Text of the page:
Given the pressing needs for providing special education teachers, the urge to articulate a Catholic identity, and the ICHE goal to promote a social justice mission that corresponds closely to trends in the development of a field to educate and nurture all children, one would expect to find a substantial commitment to special education amongst ICHE.
This growth produced more scrutiny on Catholic higher education's academic offerings; as a result, ICHE grew in their ability to meet high standards in the area of academic excellence (Hellwig, 2001).
Therefore, it is timely and relevant to investigate special education teacher preparation practices in ICHE.
Thus, this paper is an exploratory and descriptive study that examines the incidence, context, and nature of special education personnel preparation programs in ICHE.
How does special education personnel preparation in ICHE respond to needs in Catholic schools and public schools?
How do the special education personnel preparation patterns of ICHE compare to national patterns?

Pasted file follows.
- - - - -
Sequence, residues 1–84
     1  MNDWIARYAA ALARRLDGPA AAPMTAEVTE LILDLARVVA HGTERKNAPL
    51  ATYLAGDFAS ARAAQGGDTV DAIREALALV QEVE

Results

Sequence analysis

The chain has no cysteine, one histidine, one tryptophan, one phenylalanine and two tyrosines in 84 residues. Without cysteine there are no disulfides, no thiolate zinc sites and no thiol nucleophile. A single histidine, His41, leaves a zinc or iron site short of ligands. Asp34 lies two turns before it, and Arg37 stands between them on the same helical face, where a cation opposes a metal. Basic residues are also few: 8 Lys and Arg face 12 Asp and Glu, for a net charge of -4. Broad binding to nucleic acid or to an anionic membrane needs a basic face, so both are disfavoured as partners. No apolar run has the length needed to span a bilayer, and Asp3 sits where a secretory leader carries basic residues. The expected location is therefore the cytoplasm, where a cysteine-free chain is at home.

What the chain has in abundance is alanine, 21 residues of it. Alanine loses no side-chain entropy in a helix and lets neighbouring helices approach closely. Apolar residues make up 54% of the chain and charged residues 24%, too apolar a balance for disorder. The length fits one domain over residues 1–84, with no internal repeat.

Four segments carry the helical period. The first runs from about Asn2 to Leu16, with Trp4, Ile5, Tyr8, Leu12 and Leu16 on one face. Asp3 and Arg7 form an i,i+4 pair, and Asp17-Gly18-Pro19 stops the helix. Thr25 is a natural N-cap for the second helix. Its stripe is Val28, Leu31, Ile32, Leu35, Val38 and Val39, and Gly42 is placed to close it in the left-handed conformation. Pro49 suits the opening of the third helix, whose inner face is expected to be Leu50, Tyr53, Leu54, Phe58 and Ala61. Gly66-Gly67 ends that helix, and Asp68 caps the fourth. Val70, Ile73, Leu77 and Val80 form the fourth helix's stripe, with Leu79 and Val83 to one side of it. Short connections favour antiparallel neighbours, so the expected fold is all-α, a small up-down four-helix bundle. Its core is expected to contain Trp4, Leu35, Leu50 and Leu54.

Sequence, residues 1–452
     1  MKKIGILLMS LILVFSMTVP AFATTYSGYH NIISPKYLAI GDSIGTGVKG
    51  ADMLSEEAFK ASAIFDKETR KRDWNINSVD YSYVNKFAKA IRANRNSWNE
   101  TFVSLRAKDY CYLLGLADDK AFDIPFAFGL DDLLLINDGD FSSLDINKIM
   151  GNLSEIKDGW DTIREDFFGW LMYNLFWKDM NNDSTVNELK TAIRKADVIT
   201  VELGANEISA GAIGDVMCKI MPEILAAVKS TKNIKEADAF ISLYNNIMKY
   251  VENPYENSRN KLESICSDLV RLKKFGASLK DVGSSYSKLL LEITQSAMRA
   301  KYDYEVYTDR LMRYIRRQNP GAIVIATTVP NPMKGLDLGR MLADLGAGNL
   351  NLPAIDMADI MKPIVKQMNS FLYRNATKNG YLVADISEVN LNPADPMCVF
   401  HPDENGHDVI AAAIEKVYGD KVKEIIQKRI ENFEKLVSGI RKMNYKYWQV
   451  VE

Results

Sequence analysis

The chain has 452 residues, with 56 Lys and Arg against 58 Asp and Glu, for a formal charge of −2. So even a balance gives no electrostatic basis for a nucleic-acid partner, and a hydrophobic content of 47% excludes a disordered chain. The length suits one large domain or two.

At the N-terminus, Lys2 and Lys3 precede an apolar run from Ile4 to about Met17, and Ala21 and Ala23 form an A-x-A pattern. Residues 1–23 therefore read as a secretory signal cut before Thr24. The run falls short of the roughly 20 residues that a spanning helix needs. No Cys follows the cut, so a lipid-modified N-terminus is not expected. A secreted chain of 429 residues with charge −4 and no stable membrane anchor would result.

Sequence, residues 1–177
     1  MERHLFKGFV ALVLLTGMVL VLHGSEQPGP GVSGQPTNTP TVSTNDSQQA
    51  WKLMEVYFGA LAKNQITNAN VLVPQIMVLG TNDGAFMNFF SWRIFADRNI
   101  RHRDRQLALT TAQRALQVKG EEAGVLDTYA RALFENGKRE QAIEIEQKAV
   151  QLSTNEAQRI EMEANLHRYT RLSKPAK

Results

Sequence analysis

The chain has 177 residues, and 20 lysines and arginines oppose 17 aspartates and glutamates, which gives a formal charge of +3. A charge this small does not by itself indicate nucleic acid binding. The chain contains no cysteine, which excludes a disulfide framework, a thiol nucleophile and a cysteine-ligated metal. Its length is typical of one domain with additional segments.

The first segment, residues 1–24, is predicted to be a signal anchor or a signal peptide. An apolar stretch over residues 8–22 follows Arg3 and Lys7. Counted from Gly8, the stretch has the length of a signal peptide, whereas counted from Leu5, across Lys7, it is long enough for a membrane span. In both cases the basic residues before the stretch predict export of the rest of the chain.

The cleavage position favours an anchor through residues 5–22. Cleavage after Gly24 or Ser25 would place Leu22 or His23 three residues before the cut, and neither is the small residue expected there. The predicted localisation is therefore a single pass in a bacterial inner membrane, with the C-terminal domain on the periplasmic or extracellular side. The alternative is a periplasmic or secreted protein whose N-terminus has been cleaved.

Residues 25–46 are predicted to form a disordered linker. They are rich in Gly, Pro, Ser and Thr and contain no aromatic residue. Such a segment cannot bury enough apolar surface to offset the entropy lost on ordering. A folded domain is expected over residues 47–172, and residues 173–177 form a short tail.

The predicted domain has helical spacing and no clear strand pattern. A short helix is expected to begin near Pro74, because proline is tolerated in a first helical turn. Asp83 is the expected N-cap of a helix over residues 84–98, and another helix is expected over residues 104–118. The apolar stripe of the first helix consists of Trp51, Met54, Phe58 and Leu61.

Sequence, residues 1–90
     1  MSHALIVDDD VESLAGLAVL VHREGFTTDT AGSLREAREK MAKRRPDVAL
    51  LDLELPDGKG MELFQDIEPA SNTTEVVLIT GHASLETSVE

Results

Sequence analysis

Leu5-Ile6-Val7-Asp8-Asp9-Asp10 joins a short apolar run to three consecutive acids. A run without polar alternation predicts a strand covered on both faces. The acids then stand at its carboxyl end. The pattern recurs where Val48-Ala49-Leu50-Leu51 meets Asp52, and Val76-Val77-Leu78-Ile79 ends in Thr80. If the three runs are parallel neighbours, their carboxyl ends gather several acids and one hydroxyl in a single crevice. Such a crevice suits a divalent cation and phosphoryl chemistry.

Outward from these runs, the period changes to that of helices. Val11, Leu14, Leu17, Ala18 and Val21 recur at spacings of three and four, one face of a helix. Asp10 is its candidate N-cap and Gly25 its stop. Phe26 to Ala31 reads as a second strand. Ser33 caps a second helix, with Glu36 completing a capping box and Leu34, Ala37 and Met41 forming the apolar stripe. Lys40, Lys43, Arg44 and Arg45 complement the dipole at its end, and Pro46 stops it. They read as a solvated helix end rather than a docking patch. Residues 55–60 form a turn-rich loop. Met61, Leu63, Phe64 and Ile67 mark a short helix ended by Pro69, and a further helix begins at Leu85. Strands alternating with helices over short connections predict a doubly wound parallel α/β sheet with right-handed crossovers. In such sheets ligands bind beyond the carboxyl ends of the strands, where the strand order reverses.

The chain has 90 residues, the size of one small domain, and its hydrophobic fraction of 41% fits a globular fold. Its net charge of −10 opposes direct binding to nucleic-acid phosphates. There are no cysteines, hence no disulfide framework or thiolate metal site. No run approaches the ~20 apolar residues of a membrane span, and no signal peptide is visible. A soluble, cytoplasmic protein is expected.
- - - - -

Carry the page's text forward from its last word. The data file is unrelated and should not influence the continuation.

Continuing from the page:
This survey is not about teacher quality in special education personnel preparation programs in ICHE.
It examines the pattern of special education offerings in ICHE in the context of the continuum of Catholic education as well as a national picture of special education and offers recommendations for future development of related programs.
One such publication (Pettit, 2004) provided extensive demographic data about 260 ICHE.
The listing further provides both links to summative web pages called quick school profiles for each of the ICHE as well as links to each institution's individual websites.
A search of the NCCAA (2005) website for ICHE that offer academic programs in education (for the fields of size, region, and setting, "any" was selected) yielded a list of 149 institutions.
The summative webpage online search revealed that 88 ICHE offer a specialization in special education.